A Blog by International Students at Leiden University
Two years ago, I was in the same position as many of you – I had also just begun my study, moved away from home and to a foreign country. I don’t know about you, but for myself and many of my peers this was my first time living away from home. I’d travelled by myself but never lived alone. I’m in the final year now of my study and these are the things that I probably should have done earlier to make my life a bit simpler.
I waited for so long before I got a DigiD. It stands for Digital Identity. It’s not mandatory, which probably explains why I left it so late, but it’s really helpful. Without a DigiD you can’t do anything online like apply for benefits, re-register your address, or apply for a tax exemption (all things that you can and should do!). It’s super easy to set up, taking only ten minutes online and another ten minutes once your confirmation arrives in the mail.
It took me so long to work out what I could get and not get from the government. Everything from travel discounts to healthcare benefits to tax exemptions. As a student, and likely not earning much money, you can apply for a health care benefit. It should cover most of the costs for your healthcare. It’s relatively easy to do but the whole website is in Dutch – A little bit of Google translate or a Dutch friend will be a great help!
This is dependent on where you are from. Generally if you are from the EU or have health insurance that gives you coverage in the Netherlands you will not need Dutch health insurance – but check with your government and the Dutch health insurance policy. If you are working or interning you will definitely need health insurance, if you don’t you might be charged €400 – which isn’t pretty!
There are lots of places and lots of sites which won’t take your MasterCard or Visa, including Albert Hejin. The best thing to do is set up a Dutch ban account, it’s incredibly convenient because you can easily tikkie some one (to send some one a payment request). The are also student accounts which means you don’t have to pay for the account. You will need your BSN number, your passport and proof of enrollment. You will need to make appointment online but it’s super easy!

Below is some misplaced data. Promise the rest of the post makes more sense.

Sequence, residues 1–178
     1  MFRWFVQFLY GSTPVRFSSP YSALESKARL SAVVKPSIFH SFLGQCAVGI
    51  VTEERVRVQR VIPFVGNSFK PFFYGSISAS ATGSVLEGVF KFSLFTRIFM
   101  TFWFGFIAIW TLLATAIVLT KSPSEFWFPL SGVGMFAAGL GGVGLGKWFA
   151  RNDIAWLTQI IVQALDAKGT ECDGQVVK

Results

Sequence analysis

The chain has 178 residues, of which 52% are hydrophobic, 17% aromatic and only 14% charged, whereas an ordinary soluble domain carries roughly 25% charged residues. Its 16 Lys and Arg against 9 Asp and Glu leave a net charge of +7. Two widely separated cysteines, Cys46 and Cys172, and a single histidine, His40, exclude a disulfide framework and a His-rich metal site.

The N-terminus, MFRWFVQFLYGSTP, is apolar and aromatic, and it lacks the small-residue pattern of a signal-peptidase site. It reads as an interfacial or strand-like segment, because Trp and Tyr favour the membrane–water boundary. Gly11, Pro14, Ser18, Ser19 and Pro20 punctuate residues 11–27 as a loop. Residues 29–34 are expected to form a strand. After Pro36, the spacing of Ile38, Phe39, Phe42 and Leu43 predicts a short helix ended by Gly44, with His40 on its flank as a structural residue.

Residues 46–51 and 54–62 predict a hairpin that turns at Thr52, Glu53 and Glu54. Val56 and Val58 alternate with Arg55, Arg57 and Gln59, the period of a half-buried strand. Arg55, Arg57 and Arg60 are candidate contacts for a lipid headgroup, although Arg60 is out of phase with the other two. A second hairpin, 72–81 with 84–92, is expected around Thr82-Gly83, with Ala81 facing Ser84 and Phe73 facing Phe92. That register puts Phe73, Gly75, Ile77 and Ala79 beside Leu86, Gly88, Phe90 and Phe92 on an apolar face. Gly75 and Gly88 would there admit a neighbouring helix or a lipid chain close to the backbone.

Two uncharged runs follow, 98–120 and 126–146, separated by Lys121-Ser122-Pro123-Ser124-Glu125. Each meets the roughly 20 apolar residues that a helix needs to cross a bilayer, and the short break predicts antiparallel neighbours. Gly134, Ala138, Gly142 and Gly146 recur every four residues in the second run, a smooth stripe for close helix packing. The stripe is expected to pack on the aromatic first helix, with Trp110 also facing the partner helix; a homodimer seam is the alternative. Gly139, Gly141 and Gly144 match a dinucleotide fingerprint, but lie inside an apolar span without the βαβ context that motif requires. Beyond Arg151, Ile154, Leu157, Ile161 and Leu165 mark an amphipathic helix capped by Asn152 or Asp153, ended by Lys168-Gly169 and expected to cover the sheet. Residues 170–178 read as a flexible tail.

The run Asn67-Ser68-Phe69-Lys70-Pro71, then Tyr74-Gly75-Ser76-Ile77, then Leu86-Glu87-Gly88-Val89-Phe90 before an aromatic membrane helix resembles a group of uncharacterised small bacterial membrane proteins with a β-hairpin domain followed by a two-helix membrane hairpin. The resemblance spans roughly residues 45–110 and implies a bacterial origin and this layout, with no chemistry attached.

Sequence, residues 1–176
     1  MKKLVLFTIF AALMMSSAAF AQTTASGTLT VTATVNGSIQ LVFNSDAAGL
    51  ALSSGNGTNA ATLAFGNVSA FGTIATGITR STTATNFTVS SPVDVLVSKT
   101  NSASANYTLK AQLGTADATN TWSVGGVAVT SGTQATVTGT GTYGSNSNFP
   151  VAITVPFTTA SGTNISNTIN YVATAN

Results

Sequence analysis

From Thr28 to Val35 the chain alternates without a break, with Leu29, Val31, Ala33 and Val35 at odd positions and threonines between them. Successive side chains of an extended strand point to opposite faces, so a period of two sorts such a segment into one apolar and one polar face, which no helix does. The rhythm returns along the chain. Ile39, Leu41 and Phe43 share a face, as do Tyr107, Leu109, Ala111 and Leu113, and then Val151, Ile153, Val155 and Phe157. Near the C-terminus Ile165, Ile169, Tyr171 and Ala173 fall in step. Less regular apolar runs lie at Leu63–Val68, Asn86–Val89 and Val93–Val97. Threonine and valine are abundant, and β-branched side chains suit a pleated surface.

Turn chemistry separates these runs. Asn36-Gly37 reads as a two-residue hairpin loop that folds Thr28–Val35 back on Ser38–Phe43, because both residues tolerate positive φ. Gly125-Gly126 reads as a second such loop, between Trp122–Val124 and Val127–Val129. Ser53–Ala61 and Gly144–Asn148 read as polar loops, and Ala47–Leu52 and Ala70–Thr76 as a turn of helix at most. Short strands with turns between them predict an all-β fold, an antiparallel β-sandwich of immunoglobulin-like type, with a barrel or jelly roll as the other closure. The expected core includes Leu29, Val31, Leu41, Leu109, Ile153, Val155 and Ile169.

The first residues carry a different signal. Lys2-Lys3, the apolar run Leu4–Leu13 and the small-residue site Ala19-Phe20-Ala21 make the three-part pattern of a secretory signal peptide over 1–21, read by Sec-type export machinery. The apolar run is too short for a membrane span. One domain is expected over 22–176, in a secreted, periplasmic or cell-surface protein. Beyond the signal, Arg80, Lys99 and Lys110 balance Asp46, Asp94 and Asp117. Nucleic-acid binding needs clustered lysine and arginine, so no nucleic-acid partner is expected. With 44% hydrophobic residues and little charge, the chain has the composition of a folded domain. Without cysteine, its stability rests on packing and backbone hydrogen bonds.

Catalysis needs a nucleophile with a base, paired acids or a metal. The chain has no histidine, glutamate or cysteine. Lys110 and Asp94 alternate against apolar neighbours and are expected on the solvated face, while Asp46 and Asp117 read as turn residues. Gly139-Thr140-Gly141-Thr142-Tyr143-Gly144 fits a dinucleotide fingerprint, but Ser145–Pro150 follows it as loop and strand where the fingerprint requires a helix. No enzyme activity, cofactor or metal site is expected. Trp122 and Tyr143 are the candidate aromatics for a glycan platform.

Plenty of people don’t do this until they really need to go to visit the doctor or dentist but it really should be one of the first things you do. It’s easy enough to find one near you and compatible with your health insurer! Most practices will also speak English but the university can also recommend one!
It’s even more important in this current pandemic to be registered with your embassy because they can give you updates and hep you get home if you need to. It’s generally quite easy but this varies from embassy to embassy.
It’s so much easier to do this when you first arrive in the Netherlands than when it’s really close to an election. This can be much more of a time consuming job so best to start early! You need to discuss with your embassy or your home country how best to make voting arrangements. The difficulty varies from country to country but definitely worth doing.
It’s best to spend an afternoon doing all of these things when you first arrive. It’ll be a lot easier once you’ve gotten them out of the way. Do you have any recommendations for what I should add to the list? Comment below!